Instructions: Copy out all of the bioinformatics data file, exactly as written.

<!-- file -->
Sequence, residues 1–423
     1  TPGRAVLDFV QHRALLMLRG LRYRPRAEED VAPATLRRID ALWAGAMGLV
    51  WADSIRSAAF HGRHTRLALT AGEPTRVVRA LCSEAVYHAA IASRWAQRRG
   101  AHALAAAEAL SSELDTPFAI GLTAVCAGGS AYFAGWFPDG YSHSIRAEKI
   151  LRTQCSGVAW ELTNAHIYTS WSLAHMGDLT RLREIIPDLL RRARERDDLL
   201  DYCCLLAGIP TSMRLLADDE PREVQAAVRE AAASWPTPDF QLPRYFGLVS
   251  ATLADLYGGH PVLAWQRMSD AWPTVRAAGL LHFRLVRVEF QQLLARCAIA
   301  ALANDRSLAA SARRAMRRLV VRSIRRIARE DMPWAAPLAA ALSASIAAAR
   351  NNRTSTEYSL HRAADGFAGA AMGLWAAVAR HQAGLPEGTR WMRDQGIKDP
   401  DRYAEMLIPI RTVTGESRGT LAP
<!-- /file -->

Sequence, residues 1–423
     1  TPGRAVLDFV QHRALLMLRG LRYRPRAEED VAPATLRRID ALWAGAMGLV
    51  WADSIRSAAF HGRHTRLALT AGEPTRVVRA LCSEAVYHAA IASRWAQRRG
   101  AHALAAAEAL SSELDTPFAI GLTAVCAGGS AYFAGWFPDG YSHSIRAEKI
   151  LRTQCSGVAW ELTNAHIYTS WSLAHMGDLT RLREIIPDLL RRARERDDLL
   201  DYCCLLAGIP TSMRLLADDE PREVQAAVRE AAASWPTPDF QLPRYFGLVS
   251  ATLADLYGGH PVLAWQRMSD AWPTVRAAGL LHFRLVRVEF QQLLARCAIA
   301  ALANDRSLAA SARRAMRRLV VRSIRRIARE DMPWAAPLAA ALSASIAAAR
   351  NNRTSTEYSL HRAADGFAGA AMGLWAAVAR HQAGLPEGTR WMRDQGIKDP
   401  DRYAEMLIPI RTVTGESRGT LAP